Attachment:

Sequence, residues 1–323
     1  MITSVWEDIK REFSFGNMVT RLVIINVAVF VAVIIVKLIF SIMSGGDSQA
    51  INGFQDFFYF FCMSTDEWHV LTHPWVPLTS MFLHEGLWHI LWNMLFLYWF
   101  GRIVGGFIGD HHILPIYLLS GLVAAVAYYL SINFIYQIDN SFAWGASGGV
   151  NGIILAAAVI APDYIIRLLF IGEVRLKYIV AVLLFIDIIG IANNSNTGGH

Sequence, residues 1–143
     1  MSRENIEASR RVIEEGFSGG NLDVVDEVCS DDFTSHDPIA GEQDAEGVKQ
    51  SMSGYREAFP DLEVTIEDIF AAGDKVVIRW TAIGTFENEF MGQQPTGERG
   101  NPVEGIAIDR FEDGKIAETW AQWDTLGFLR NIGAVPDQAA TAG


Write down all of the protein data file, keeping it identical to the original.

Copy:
Sequence, residues 1–323
     1  MITSVWEDIK REFSFGNMVT RLVIINVAVF VAVIIVKLIF SIMSGGDSQA
    51  INGFQDFFYF FCMSTDEWHV LTHPWVPLTS MFLHEGLWHI LWNMLFLYWF
   101  GRIVGGFIGD HHILPIYLLS GLVAAVAYYL SINFIYQIDN SFAWGASGGV
   151  NGIILAAAVI APDYIIRLLF IGEVRLKYIV AVLLFIDIIG IANNSNTGGH

Sequence, residues 1–143
     1  MSRENIEASR RVIEEGFSGG NLDVVDEVCS DDFTSHDPIA GEQDAEGVKQ
    51  SMSGYREAFP DLEVTIEDIF AAGDKVVIRW TAIGTFENEF MGQQPTGERG
   101  NPVEGIAIDR FEDGKIAETW AQWDTLGFLR NIGAVPDQAA TAG